Okay, so back to why fourth place is important here. The top three teams qualify for the 2012 Olympics in London. But if the Brits are third or better, since they get an automatic qualification as the home team for the Olympics, the fourth-place team would qualify.
Perhaps you’ll think it’s odd that during a break in dressage, the medals for endurance were presented. But it’s understandable when you realize that people want to look their best when accepting a medal, and who looks their best after riding 100 miles?
So it’s done the day following the race. The winner, Maria Mercedes Alvarez Ponton, who you met in my postcard yesterday, rode in on the irrepressible Nobby. He looked great. Also on hand was Sheikh Hamdan Mohd al Maktoum, the bronze medalist and son of the silver medalist, Sheikh Mohammed bin Rashid Al Maktoum, the emir of Dubai, one of the United Arab Emirates. The silver medalist didn’t appear, however, sending the United Arab Emirates’ chef de mission, Saeed Al Tayer to sub for him. The Sheikh sent a statement saying he was away on official state business. Must have been embarrassing for his wife, FEI President Princess Haya, who presented the medals. She kissed her stepson, Sheikh Hamdan, when she put the medal around his neck. She didn’t kiss the chef de mission.
And then, the UAE riders, who won the team endurance gold, failed to show up at the endurance press conference. Whoops. Here’s how Saeed (who I don’t think was having a good day) explained it: “Unfortunately, due to a miscommunication, the team members did not attend the post-medal press conference and for that we apologize. We would have been honored to speak to the media, but we were genuinely unaware that this was standard protocol.”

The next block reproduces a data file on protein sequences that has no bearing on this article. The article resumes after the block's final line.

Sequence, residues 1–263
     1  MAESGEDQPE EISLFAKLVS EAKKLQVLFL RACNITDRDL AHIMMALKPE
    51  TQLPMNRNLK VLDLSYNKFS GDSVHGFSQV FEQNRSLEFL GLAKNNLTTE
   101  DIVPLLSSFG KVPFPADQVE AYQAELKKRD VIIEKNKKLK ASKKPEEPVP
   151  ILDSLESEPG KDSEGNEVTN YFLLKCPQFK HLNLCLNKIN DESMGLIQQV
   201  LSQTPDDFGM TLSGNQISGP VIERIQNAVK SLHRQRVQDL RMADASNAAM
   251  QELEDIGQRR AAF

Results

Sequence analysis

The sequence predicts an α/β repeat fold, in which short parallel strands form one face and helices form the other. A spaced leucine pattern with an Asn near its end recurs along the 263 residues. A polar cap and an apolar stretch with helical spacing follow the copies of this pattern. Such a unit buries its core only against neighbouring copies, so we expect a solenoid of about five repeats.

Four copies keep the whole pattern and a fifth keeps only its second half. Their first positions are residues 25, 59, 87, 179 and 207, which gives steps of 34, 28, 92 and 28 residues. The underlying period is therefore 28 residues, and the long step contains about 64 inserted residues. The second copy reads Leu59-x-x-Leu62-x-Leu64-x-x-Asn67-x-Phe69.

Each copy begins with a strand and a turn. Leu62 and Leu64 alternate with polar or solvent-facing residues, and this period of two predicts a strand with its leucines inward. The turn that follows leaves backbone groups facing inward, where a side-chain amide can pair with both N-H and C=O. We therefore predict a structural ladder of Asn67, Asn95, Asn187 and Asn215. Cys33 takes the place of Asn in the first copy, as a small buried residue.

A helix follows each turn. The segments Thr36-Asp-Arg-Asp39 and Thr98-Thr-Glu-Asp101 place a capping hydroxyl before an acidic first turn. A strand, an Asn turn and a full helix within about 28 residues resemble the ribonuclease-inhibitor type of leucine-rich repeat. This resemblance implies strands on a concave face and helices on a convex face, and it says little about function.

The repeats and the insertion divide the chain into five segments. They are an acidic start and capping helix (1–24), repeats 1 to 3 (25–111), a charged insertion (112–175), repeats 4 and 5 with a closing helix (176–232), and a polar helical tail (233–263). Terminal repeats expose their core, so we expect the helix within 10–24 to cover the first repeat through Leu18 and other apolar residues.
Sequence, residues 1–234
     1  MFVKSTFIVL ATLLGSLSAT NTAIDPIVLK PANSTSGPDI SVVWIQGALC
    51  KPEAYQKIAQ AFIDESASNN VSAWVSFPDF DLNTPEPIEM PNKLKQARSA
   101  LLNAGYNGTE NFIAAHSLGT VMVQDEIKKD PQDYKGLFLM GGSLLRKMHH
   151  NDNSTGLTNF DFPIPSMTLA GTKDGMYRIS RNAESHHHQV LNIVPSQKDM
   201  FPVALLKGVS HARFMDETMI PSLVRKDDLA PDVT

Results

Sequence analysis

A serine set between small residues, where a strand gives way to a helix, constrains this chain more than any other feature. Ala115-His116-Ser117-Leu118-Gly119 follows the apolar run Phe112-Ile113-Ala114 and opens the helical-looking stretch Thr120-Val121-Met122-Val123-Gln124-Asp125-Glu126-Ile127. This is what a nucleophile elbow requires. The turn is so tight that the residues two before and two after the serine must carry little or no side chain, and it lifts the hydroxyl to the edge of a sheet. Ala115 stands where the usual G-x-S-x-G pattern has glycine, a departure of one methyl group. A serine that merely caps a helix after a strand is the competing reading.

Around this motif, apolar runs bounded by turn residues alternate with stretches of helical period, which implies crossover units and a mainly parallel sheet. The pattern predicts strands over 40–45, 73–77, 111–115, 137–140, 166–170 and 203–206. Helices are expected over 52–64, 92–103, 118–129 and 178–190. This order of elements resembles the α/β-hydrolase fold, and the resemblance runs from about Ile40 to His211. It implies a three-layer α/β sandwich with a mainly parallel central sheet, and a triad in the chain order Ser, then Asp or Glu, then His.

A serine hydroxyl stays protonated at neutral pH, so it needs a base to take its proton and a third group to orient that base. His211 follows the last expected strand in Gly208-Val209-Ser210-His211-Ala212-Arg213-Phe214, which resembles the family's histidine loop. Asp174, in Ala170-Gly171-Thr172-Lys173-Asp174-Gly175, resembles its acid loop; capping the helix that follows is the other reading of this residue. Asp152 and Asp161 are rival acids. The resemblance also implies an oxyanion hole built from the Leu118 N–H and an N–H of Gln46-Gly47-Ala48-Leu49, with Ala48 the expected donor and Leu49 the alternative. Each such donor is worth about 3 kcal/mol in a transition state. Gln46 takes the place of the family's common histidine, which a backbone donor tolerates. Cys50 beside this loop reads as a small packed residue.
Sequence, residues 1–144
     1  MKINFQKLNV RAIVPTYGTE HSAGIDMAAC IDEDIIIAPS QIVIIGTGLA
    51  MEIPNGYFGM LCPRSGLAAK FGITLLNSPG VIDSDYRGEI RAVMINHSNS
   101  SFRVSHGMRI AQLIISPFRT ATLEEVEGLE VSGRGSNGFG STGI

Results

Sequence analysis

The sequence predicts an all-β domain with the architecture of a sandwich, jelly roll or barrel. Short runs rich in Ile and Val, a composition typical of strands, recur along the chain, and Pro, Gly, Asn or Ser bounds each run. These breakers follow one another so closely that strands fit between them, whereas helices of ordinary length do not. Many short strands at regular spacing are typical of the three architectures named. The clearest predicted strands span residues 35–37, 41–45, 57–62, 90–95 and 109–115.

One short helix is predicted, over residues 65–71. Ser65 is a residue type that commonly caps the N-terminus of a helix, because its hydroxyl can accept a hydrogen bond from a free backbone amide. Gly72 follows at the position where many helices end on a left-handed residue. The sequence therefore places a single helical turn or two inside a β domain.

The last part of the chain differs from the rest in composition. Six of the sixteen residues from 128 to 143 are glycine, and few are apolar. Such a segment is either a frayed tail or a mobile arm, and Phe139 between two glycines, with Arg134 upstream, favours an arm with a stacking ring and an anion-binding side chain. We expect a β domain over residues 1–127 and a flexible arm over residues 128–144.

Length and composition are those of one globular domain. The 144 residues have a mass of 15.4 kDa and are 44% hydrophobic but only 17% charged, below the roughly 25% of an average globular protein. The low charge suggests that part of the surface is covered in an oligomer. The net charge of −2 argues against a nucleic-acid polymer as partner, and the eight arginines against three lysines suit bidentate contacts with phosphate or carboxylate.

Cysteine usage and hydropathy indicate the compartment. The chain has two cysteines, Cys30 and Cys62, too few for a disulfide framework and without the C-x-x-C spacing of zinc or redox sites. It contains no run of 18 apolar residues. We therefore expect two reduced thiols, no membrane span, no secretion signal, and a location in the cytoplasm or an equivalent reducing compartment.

One of the fun things about the WEG is running into people you know, whether it’s folks from home or Phillip Dutton in flip-flops and wearing a back pack as he heads down an interior road in the park. I’m staying in a hotel that’s hosting the Australian team. As usual, struggling with bags of cameras and computers, I decided to put my burden down on a luggage trolley to take everything to my room. When I brought the trolley back downstairs, it was going out of control until I was rescued by a courtly man with a German accent. It turned out to be Franz Venhaus, a native of Germany who’s now an Australian and assistant chef de mission for the team. Franz came on my radar screen when he ran the equestrian events at the 2000 Olympics in Sydney, so we reminisced a little.
When I came back to the hotel tonight, the whole Australian team was having a party in the lobby, featuring people in green and yellow wigs (those are the Australian colors.) They looked like they were having the kind of fun that only Australians can, but unfortunately, I had to write this postcard so I couldn’t join them. That’s the story of the non-stop WEG for serious journalists. But I digress.
I wanted to tell you that Lyle Lovett, the country western singer, came to the press room today to talk about reining and his role in the closing ceremonies five years from now (actually, it only feels like five years, it’s really a mere 13 days.)
Lyle, an amateur reiner who comes from a Texas family that raises quarter horses, had a horse in the reining competition. It was that palomino, Smart and Shiney, with the long mane that I said I loved a couple of postcards ago. (You remember.)
The horse was ridden by Marco Ricotta of the Italian team, the assistant to Lyle’s trainer, Tim McQuay, a member of our gold medal squad. Unfortunately, with the noise of the crowd and music (I think they were playing Lyle Lovett, actually) Smart and Shiney didn’t hear Marco’s command to stop when he should have, and after that, everything went south, he noted. Marco had a mistake in his pattern (the equivalent of going off-course in a jumper class) and wound up with a zero score. If he had done what he’s capable of with the horse, would Italy have overtaken Belgium for the silver? Possibly, but we’ll never know.
I updated my reining story with some soundbytes, so take another look at that. And tomorrow, read my next postcard, because it’s dressage medal day.